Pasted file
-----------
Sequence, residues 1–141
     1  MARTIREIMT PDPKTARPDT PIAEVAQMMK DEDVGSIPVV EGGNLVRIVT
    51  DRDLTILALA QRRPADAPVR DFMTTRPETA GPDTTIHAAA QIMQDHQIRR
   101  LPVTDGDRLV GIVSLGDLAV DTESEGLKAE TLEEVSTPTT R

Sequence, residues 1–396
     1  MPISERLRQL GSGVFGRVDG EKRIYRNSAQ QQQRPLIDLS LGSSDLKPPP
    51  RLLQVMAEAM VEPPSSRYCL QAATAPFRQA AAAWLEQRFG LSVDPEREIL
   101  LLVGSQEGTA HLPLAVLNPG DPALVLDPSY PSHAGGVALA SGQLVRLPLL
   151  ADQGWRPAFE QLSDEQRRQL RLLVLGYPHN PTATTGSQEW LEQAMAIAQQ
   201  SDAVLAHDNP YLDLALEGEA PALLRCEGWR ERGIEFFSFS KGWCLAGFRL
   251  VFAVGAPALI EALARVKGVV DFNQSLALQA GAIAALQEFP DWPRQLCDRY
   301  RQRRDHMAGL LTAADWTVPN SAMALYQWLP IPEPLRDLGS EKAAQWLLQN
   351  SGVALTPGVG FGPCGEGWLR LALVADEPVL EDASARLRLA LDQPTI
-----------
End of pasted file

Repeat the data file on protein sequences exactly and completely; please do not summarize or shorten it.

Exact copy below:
Sequence, residues 1–141
     1  MARTIREIMT PDPKTARPDT PIAEVAQMMK DEDVGSIPVV EGGNLVRIVT
    51  DRDLTILALA QRRPADAPVR DFMTTRPETA GPDTTIHAAA QIMQDHQIRR
   101  LPVTDGDRLV GIVSLGDLAV DTESEGLKAE TLEEVSTPTT R

Sequence, residues 1–396
     1  MPISERLRQL GSGVFGRVDG EKRIYRNSAQ QQQRPLIDLS LGSSDLKPPP
    51  RLLQVMAEAM VEPPSSRYCL QAATAPFRQA AAAWLEQRFG LSVDPEREIL
   101  LLVGSQEGTA HLPLAVLNPG DPALVLDPSY PSHAGGVALA SGQLVRLPLL
   151  ADQGWRPAFE QLSDEQRRQL RLLVLGYPHN PTATTGSQEW LEQAMAIAQQ
   201  SDAVLAHDNP YLDLALEGEA PALLRCEGWR ERGIEFFSFS KGWCLAGFRL
   251  VFAVGAPALI EALARVKGVV DFNQSLALQA GAIAALQEFP DWPRQLCDRY
   301  RQRRDHMAGL LTAADWTVPN SAMALYQWLP IPEPLRDLGS EKAAQWLLQN
   351  SGVALTPGVG FGPCGEGWLR LALVADEPVL EDASARLRLA LDQPTI